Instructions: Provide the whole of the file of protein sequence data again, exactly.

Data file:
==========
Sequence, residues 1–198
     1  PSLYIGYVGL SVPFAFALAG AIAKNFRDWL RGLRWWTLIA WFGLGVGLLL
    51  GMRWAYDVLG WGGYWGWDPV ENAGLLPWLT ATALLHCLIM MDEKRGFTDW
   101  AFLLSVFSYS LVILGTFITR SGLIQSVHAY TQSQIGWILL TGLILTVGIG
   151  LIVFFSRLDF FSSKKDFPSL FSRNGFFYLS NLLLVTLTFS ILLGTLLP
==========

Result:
Sequence, residues 1–198
     1  PSLYIGYVGL SVPFAFALAG AIAKNFRDWL RGLRWWTLIA WFGLGVGLLL
    51  GMRWAYDVLG WGGYWGWDPV ENAGLLPWLT ATALLHCLIM MDEKRGFTDW
   101  AFLLSVFSYS LVILGTFITR SGLIQSVHAY TQSQIGWILL TGLILTVGIG
   151  LIVFFSRLDF FSSKKDFPSL FSRNGFFYLS NLLLVTLTFS ILLGTLLP